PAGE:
Sometimes the words come from deep in and are seeds. They catch and grow into things, into tall people. They become themselves. Sometimes what is said has this genesis. It exists both before and after it has been said, and it goes on growing lonely and lovely for a long time. What is said can be a teenaged daughter awkward in the presence of her own beauty. Mirrors, other flat, shiny words, increase her self-consciousness, yet leave herself untouched.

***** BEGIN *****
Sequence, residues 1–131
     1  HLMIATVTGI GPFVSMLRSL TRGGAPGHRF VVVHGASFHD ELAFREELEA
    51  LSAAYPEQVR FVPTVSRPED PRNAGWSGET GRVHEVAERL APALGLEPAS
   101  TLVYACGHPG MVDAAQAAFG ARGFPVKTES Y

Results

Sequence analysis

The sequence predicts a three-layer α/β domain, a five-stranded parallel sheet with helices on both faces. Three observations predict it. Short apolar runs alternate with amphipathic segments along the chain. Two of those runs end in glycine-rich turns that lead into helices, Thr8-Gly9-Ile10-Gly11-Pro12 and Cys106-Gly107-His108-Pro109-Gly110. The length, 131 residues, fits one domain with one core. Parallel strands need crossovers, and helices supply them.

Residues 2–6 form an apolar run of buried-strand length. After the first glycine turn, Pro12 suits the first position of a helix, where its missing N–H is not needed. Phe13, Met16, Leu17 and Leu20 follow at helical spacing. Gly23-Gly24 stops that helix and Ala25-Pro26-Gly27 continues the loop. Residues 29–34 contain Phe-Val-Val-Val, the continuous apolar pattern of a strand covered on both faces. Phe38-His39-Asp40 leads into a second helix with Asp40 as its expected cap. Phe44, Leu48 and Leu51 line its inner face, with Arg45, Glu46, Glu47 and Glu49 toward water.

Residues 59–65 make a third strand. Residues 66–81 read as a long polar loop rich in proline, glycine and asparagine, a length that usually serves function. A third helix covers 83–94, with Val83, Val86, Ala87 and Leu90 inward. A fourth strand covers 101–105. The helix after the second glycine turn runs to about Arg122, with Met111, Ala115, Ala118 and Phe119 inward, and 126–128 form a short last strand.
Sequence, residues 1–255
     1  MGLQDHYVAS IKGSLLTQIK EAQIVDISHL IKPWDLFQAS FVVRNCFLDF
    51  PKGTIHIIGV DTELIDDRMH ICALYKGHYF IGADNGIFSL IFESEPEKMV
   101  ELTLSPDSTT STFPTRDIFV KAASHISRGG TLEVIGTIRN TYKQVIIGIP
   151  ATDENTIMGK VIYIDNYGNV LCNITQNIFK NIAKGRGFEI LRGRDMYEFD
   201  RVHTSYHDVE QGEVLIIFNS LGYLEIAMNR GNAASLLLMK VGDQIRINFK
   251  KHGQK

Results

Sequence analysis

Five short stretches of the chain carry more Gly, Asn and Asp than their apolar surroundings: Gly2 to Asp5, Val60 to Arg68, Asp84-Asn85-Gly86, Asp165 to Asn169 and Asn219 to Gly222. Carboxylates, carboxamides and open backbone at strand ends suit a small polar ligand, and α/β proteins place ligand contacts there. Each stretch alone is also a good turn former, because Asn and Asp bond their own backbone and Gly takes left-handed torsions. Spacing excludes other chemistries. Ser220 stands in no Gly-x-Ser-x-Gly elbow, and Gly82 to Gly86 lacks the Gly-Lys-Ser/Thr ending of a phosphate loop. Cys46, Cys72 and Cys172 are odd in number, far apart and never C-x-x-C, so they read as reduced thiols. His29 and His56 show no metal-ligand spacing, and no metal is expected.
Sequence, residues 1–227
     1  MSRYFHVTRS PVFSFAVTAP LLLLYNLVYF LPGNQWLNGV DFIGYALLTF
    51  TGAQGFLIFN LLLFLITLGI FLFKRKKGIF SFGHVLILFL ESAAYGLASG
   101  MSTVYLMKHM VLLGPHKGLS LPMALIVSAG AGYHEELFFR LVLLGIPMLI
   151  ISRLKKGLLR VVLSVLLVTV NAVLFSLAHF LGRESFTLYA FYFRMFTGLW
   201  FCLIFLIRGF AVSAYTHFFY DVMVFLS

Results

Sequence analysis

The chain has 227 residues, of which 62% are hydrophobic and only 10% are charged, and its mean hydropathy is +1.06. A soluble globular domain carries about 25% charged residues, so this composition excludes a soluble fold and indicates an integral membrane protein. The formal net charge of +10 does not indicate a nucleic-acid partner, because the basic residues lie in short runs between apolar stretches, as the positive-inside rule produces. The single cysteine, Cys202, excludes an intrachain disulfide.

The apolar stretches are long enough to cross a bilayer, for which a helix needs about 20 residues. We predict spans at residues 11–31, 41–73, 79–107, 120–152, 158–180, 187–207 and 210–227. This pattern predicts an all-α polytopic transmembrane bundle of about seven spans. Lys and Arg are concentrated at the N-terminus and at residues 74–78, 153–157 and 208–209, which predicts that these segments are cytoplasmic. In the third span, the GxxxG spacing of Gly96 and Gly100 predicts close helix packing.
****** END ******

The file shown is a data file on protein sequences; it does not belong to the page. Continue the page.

The tongue moves so assuredly in its cave-mouth, a snail completely at home in its white winding shell. The tongue slowly shapes its house the way a host makes things ready for strangers at Christmas. The carolers on the snowy porch hope for mugs of hot cider; the spice of the cinnamon surprises them. When they tell themselves the story of singing, later, their boots steaming and their dewy coats heavy on wooden pegs, using the words of the host inside themselves carefully enough, they go on being surprised.